There's no way this can be Norman Mailer.
Not this little guy whose hobble gives him the look of a cowpoke too long
in the saddle. Not this old fella with the canes and hearing aid, with the
arthritic joints and the cataracts.
And emphatically not this gentleman whose cordiality is expansive, this
elder statesman who laughs without prompting at his earlier misadventures, this
positively puppyish grandfather who coos over the phone to a granddaughter.
But, indeed, this is Norman Mailer, that most pugnacious of writers, as
well known to the public for his bad-boy behavior as for his books.
This is the same man who in 1960 stabbed and nearly killed his second wife,
Adele Morales; who would insult audiences with trash talk; who would pick
fights with literary rivals as readily as pick metaphors.
Defining the world as a realm of combat and competition, Mailer vowed to
reign as heavyweight champ. His feuds with Gore Vidal, Tom Wolfe and feminist
icons Kate Millett and Germaine Greer were legendary. His pronouncements in
Esquire magazine about fellow writers - "the talent in the room" - were
Amid all the public posturing - including quixotic and comical campaigns
for mayor of New York in 1960 and 1969 - it was sometimes hard to remember that
Mailer was, in fact, one of the most gifted American writers of the generation
that came of age during World War II.
"The Naked and the Dead," the book that launched Mailer's career in 1948 at
age 25, is still regarded as one of the finest novels to emerge from that
war. "Miami and the Siege of Chicago" and "Armies of the Night," those
high-water marks of '60s New Journalism, earned him two National Book Awards
and a Pulitzer Prize. "The Executioner's Song," that genre-crossing account of
convicted murderer Gary Gilmore, garnered another Pulitzer.
No doubt one of the reasons for the transformation from brawler to diplomat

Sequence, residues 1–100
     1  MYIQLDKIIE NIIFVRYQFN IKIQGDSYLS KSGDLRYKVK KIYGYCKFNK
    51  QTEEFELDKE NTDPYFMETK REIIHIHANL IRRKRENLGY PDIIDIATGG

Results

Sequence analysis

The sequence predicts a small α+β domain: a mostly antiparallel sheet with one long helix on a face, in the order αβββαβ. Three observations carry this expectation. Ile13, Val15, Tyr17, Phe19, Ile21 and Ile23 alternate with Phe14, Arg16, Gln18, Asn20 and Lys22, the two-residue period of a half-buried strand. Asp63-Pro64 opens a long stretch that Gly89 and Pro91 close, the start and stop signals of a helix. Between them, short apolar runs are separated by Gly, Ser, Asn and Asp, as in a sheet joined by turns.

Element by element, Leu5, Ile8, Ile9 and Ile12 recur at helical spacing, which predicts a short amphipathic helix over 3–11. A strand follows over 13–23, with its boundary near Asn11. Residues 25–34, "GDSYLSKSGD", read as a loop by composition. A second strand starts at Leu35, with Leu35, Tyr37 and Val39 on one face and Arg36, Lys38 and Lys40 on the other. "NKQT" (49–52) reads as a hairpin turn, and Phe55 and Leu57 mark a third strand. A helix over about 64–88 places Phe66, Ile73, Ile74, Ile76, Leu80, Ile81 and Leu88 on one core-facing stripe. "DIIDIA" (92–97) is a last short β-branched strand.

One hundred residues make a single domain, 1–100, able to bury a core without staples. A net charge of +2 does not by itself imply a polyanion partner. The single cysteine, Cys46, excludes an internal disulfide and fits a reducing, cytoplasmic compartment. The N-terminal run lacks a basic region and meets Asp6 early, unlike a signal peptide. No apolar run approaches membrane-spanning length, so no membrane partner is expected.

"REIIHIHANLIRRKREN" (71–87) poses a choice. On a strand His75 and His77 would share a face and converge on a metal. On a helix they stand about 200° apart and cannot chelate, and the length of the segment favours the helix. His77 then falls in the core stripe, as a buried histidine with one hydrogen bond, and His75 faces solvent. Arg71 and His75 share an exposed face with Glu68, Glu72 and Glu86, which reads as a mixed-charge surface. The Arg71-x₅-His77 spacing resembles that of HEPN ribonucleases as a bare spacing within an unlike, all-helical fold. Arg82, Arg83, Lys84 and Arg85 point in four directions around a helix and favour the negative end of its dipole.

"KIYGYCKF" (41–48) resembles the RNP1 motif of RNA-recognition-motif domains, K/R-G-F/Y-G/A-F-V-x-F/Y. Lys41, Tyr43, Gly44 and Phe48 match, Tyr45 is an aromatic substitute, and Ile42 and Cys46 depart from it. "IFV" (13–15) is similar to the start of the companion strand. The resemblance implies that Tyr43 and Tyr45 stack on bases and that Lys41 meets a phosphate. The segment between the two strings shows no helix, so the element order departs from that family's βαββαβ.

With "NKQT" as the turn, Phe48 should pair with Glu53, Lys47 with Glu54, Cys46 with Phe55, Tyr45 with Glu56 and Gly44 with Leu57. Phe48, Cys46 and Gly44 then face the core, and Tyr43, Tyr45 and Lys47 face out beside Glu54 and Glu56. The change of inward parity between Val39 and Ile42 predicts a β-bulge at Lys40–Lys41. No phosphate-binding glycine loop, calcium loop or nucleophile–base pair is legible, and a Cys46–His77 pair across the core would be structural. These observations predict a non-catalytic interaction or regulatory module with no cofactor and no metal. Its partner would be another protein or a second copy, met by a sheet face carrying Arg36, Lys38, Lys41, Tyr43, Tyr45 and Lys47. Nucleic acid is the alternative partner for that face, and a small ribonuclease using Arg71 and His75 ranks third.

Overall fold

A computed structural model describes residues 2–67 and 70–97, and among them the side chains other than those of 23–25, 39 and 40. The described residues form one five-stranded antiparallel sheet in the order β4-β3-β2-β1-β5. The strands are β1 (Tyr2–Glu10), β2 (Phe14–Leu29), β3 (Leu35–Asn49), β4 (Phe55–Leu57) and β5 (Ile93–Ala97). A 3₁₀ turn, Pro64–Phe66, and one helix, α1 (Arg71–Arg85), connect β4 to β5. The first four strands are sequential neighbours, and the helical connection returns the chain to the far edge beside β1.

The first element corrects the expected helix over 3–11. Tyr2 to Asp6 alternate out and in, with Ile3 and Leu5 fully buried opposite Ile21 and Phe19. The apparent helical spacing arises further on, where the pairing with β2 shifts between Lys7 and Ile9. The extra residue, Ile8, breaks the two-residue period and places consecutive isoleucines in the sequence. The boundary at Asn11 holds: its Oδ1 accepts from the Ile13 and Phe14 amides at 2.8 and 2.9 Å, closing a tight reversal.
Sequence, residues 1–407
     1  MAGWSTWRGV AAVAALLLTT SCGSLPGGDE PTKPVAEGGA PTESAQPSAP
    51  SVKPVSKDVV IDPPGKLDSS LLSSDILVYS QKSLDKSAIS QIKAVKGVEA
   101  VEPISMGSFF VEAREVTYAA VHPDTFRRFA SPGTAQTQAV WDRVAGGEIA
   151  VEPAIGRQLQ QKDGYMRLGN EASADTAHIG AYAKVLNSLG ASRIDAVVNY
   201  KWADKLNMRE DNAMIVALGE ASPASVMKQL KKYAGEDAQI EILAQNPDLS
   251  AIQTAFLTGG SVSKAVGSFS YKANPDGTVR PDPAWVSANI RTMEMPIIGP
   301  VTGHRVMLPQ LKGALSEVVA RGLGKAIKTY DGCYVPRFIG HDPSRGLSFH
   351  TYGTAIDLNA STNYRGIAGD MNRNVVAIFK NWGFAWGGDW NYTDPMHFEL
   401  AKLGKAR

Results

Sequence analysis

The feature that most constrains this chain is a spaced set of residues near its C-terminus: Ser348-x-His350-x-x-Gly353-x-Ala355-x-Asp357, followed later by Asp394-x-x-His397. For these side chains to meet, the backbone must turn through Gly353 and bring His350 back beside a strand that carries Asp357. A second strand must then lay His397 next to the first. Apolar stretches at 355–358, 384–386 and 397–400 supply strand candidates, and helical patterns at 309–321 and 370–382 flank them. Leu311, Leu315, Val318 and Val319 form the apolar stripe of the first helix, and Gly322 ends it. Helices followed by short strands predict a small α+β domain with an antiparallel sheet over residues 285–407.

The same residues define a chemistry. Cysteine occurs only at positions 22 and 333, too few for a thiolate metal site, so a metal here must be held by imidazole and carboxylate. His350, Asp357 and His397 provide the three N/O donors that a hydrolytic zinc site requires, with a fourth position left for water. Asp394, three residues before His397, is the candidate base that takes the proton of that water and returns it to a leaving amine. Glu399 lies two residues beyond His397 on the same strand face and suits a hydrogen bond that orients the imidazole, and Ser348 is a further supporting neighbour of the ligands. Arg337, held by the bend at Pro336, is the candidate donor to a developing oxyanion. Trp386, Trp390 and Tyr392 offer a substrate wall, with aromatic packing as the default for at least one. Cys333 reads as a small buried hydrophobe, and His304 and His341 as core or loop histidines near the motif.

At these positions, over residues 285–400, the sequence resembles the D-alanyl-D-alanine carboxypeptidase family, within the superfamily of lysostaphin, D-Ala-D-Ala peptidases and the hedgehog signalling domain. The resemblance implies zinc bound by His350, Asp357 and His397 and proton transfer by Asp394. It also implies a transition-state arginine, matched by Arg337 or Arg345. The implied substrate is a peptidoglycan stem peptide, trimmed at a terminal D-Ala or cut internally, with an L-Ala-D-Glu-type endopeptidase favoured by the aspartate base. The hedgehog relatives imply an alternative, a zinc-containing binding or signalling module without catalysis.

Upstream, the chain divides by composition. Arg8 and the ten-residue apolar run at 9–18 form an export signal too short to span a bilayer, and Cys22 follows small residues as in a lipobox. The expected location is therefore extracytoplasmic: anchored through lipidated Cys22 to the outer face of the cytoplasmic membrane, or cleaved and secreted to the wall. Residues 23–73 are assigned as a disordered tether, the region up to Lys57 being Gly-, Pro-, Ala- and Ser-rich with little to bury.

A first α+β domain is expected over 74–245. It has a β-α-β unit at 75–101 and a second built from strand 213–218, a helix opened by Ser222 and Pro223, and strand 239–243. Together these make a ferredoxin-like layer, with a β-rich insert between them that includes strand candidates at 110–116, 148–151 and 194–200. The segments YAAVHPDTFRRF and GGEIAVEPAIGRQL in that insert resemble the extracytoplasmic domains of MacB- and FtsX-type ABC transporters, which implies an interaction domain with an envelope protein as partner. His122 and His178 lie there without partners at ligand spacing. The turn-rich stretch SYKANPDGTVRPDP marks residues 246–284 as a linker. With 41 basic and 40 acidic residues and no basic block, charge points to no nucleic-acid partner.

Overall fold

is age. Mailer- watchers may be shocked to learn that the author celebrated
his 80th birthday on the last day of January.
It's a mellow, avuncular Mailer who greets a visitor to his Brooklyn
Heights apartment a few days before the big event. He's a man eager to praise
his peers and pass on writing tips to apprentice writers.
This fourth-floor walk-up is studded with photos of his nine children from
six marriages, some of whom live here. The view of the lower Manhattan skyline
and New York Harbor is breathtaking, with the setting sun casting an orange
glow over the Statue of Liberty.
Mailer spends most of his time not here but at his other home in
Provincetown, on Cape Cod. But he's in town now to tout his latest book, "The
Spooky Art: Some Thoughts on Writing" (Random House, $24.95), a collection of
interview excerpts, essays and assorted ruminations.
In this book he recounts his transition from soldier to bestselling author,
the perils of fame, the outrages of critics, the loneliness of staring at the
empty page. He laments the declining role of books in our culture; extols the
virtues of "Huckleberry Finn," Hemingway, Tolstoy and Henry Miller; offers
faint praise for younger faces like "The Corrections" author Jonathan Franzen.
Despite the milestone birthday, Mailer isn't about to close up shop. He
says he's written several hundred pages of "an ambitious novel," but he won't
say any more about it.
"Either I'll finish it, or it'll finish me," he jokes.
"I don't feel gloomy about that. When you look at the track record, the
best of writers didn't do much work once they're in their 80s. Isaac Bashevis
Singer did some notable work, but it wasn't up to his finest.
"It's an odd feeling. I know how an old athlete feels. He knows more than
he ever knew before, but the body isn't quite up to what he knows."
Does he have to ration his energy now?
"It's a matter of waiting," he replies. "I could go in there for three
hours and maybe get an hour and a half of work done because nothing happens for
an hour. I've learned how to be patient.
"I don't know anything about fishing, except that I understand patience is
one of the skills of the angler. There's no use writing until you're ready to
With his very first book, Mailer was transformed from the anonymity of
aspiring writer to the celebrity of bestselling author. In retrospect, he
grants, early fame wasn't entirely a blessing.
"I was unequipped to be a success," he says. "I knew much more about
writing than I did about life.... Looking back, I find it comic. But it did
make me an expert about changes in identity," which became a major theme in his
books on Gilmore, Marilyn Monroe and CIA spies.
Some critics contend that if Mailer had put as much effort into the writing